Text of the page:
The custom tabs include a page with polls and I was happy to find a question on which film would win ‘Best Picture of the Year’ at the Academy Awards. With the award ceremony taking place in just a matter of hours, the poll was extremely relevant and curious to see the responses, I voted. “The King’s Speech” was ahead, earning 33% of the vote.
The video Showcase tab didn’t house any live video but instead had you redirect to a page with a Quicktime streaming video of some comedy TV show that I had little to no interest in. I started typing this paragraph and then was off the page before the video even began to play.
SEARCH YOUR BRAND IN FACEBOOK! When I searched for ‘Sony’ in the Facebook search box, this popped up first under pages: I Have a Defective Sony TV. The page has almost 5,000 ‘likers’ and I was tempted to join the cause just to be on the side of the underdog. The first update read: “It’s nice to see so many people ‘standing’ behind William, instead of Sony”. The photos spanning the top of the page – thanks to the newly updated page lay-out – featured shots of distorted and discolored TV screens. NICE!
Turning once again to Google to see if I could try and find the ‘official’ page,- the 3rd result seemed to be the one. The Sony Ericsson Facebook page seemed to be taking queues from Disney, with a banner counting worldwide fans. The Sony banner requested you ‘like’ the page – which I did to see if I could get that fan count to increase. It didn’t.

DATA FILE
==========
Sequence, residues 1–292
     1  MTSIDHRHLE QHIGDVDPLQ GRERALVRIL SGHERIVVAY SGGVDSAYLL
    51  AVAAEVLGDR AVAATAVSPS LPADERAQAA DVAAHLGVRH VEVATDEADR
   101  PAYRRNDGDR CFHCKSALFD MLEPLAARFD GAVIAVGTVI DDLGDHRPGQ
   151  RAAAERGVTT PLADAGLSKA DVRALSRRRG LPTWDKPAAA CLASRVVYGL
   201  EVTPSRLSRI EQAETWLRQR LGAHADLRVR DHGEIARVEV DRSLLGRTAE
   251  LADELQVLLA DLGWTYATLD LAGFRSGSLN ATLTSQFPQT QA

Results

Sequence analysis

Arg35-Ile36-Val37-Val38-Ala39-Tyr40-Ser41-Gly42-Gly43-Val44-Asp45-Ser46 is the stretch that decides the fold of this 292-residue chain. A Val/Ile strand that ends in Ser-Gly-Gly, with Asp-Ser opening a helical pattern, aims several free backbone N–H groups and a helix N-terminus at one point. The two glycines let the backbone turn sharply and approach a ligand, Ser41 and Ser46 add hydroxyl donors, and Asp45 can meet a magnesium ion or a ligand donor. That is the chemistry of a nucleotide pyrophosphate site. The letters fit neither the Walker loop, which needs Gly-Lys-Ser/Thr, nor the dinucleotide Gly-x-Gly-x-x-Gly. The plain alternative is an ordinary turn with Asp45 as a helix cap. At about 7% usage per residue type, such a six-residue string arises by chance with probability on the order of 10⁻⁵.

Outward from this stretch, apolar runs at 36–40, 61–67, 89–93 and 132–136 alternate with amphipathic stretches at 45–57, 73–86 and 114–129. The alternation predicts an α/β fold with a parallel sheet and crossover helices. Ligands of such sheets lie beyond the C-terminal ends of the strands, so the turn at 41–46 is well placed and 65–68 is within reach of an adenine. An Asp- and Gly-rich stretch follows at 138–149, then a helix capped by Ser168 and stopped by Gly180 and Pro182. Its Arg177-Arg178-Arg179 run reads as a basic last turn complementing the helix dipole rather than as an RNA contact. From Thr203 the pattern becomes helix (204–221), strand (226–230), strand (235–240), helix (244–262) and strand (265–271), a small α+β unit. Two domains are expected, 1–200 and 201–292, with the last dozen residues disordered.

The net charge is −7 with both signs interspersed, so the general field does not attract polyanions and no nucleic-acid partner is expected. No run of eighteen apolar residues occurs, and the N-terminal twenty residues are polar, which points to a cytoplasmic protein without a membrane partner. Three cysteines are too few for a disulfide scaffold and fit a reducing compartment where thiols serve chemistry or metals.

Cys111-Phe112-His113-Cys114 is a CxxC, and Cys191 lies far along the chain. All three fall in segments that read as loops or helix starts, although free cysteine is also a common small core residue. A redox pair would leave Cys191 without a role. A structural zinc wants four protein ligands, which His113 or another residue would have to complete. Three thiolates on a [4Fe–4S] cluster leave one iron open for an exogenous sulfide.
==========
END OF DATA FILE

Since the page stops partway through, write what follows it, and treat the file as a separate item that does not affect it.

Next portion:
I was happy to see the profile pic featuring the ‘Fan of the Week’ – from Malaysia. Although I was a bit baffled by the ‘legalese’ that was posted just below the photo:
By posting your profile photo with your inspiring photo, video or comments, you are giving us permission to use your photo for the Fan of the Week profile image. It will not be used for any other purpose.
So now I was suddenly worried that by ‘liking’ the page, I had somehow given them permission to use my Facebook profile pic to endorse Sony on their fan page. Granted, I do have a tendency to be a bit paranoid but the language was confusing. I would hope that only fans who had explicitly submitted their photo to be the ‘Fan of the Week’ were featured on the page.
Other than this main landing page, the other page tabs were fairly standard. They did have a tab called ‘Future News’ that housed a sign-up for their email list.
So my round-up of the top brands in social media for 2010 resulted in mixed reviews. Thankfully most of the brands have updated their page to the new lay-out. But at least three of the brands are not even on Facebook officially.
I was most impressed by Disney, who offered up a great service by indexing their top Facebook pages – since Facebook does such a bad job at it. They were also brave enough to have some fun with their characters; not taking themselves too seriously by allowing characters to comment on Facebook. Bravo!
Stay tuned, as we plan to break down and review more big brands and how they are leveraging the largest social network in the world, if at all.